Last year, Cause of Action Institute (“CoA Institute”) stepped up its ongoing battle with the Department of Commerce (“Commerce”) over disclosure of Section 232 secretarial reports by filing a lawsuit against the agency for failure to respond to Freedom of Information Act (“FOIA”) requests seeking access to a final report concerning the national-security effects of uranium imports.  This past week, CoA Institute filed its motion for summary judgment, laying out the case for Commerce’s failure to meet its FOIA obligations and exposing the infirmities of the government’s privilege claims.

The Constitution grants Congress the sole authority to set tariffs and regulate foreign commerce.  Under Section 232 of the Trade Expansion Act of 1962, Congress delegated some of that authority to the President by allowing him to adjust tariffs to safeguard national security.  But, as a part of the delegation, Congress requires the Secretary of Commerce to conduct an independent investigation and prepare a report with findings and recommendations for the President.  The law is clear that, upon disposition of a secretarial investigation, the Secretary’s final report is to be published in the Federal Register with redaction of only “classified\” or “proprietary” information.

Although Commerce published Section 232 reports on steel and aluminum shortly after their transmission to the White House, the agency has stonewalled disclosure of the reports on uranium, titanium sponge, and automobiles.  CoA Institute already is engaged in lengthy litigation concerning release of the automobiles report.  That lawsuit, coupled with a disclosure mandate Congress added to recent appropriations legislation, has met with unprecedented resistance from the Executive Branch.  As described in a previous post, the Department of Justice’s Office of Legal Counsel (“OLC”) has taken the remarkable step of publishing a memorandum opinion arguing that Section 232 reports are protected by executive privilege until the President decides otherwise, and any attempt to force disclosure under Section 232 or another legal mechanisms is effectively unconstitutional.  Congress has not stood idly by.  First, it included language in an appropriations bill requiring immediate publication of the auto report, which Commerce ignored.  Second, last month a bi-partisan coalition of eight U.S. Senators filed an amicus brief to support CoA Institute’s position and defend Congress’s authority to condition its delegation of tariff authority on the public release of secretarial reports.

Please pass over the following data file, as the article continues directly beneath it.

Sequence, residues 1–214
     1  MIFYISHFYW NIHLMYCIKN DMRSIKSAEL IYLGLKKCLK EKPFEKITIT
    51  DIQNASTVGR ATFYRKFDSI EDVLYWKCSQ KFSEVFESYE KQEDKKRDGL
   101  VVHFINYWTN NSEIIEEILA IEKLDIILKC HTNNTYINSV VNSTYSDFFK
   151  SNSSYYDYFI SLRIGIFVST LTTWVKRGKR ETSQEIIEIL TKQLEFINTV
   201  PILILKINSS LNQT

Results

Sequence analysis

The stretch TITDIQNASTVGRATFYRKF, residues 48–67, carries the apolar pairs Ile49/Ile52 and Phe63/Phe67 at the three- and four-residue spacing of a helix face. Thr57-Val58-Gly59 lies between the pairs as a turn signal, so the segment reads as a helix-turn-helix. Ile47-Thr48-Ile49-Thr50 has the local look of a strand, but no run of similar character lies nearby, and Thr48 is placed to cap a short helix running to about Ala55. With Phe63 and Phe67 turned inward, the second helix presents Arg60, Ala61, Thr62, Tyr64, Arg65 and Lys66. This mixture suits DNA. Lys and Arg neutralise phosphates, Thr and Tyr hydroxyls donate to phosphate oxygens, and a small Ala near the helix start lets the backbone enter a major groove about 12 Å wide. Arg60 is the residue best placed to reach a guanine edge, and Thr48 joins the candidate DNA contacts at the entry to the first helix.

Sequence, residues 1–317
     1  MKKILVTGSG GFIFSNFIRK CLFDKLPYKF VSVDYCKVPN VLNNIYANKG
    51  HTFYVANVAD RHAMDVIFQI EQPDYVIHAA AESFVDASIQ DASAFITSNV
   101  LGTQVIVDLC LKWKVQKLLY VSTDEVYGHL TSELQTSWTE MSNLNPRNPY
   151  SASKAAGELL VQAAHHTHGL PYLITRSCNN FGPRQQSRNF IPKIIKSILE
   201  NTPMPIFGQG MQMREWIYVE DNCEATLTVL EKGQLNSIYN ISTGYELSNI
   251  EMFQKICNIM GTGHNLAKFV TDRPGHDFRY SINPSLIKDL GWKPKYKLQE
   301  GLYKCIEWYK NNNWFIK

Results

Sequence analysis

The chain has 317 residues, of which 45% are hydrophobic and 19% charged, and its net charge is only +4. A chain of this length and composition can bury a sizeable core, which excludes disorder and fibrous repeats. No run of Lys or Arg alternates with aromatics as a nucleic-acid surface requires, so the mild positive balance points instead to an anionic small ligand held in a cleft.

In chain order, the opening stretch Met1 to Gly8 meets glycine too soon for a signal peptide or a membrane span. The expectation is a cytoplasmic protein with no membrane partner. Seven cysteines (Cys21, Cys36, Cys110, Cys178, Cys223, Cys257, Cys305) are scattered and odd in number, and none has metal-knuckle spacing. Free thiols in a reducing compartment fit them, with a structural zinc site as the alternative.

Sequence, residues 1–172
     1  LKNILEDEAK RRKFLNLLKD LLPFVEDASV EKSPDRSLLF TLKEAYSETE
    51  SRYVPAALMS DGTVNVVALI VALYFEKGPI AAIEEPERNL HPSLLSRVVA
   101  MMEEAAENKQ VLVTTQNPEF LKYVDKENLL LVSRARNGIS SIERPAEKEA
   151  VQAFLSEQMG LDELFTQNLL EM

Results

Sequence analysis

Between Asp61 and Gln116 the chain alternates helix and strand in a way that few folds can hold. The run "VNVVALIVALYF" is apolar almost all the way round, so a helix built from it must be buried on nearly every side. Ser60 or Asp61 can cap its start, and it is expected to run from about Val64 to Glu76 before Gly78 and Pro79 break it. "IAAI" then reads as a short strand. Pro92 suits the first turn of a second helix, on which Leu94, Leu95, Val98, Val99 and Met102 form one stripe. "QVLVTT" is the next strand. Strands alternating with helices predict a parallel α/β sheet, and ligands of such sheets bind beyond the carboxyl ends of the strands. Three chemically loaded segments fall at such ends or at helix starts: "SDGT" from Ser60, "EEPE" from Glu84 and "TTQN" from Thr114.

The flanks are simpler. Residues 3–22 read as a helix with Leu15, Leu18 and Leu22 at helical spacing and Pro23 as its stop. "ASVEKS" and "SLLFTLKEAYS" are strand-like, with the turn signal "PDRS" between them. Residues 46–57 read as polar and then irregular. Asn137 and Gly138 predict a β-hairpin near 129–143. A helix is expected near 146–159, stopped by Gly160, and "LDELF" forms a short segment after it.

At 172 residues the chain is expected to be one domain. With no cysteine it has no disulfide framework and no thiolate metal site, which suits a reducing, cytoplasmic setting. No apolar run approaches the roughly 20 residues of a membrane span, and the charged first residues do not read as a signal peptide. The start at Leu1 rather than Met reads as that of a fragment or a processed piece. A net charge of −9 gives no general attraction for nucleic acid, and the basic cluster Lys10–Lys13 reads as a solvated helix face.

Commerce’s adoption of the OLC Opinion, and its admissions in the pending lawsuit over release of the uranium report, are troubling.  As CoA Institute explains in its recent motion, Commerce’s declarants have explicitly admitted that the agency will withhold Section 232 secretarial reports in full under the presidential-communications and deliberative-process privileges until directed otherwise by the President.  Not only are these privileges unavailable, but Commerce’s categorical policy of keeping Section 232 reports secret, coupled with the outsourcing of FOIA decision-making to the White House, runs afoul of well-established legal principles.  The withholding of the uranium report is moreover unjustified because the President has explicitly disavowed action under Section 232.

The current Administration has kept the public largely in the dark about its tariff policymaking, endangering the interests of consumers and businesses alike.  Secretarial reports are paid for by taxpayers and serve an important role in keeping the tariff process transparent.  This is precisely why Section 232 was designed to require their publication before the President takes any sort of action to adjust imports.  Vague and novel claims about “executive privilege” are inadequate to overcome the clear obligation to disclose secretarial reports.

Ryan P. Mulvey is Counsel at Cause of Action Institute